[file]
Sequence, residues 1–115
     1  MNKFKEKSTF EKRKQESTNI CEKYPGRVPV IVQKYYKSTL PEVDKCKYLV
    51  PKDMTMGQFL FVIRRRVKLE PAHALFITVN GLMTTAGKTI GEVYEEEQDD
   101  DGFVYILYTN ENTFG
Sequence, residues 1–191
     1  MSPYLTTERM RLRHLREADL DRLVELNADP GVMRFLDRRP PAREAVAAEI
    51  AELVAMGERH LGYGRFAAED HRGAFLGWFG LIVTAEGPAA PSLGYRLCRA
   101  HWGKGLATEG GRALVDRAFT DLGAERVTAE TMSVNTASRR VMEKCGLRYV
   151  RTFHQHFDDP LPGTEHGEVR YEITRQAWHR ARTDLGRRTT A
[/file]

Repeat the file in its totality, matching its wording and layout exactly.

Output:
Sequence, residues 1–115
     1  MNKFKEKSTF EKRKQESTNI CEKYPGRVPV IVQKYYKSTL PEVDKCKYLV
    51  PKDMTMGQFL FVIRRRVKLE PAHALFITVN GLMTTAGKTI GEVYEEEQDD
   101  DGFVYILYTN ENTFG
Sequence, residues 1–191
     1  MSPYLTTERM RLRHLREADL DRLVELNADP GVMRFLDRRP PAREAVAAEI
    51  AELVAMGERH LGYGRFAAED HRGAFLGWFG LIVTAEGPAA PSLGYRLCRA
   101  HWGKGLATEG GRALVDRAFT DLGAERVTAE TMSVNTASRR VMEKCGLRYV
   151  RTFHQHFDDP LPGTEHGEVR YEITRQAWHR ARTDLGRRTT A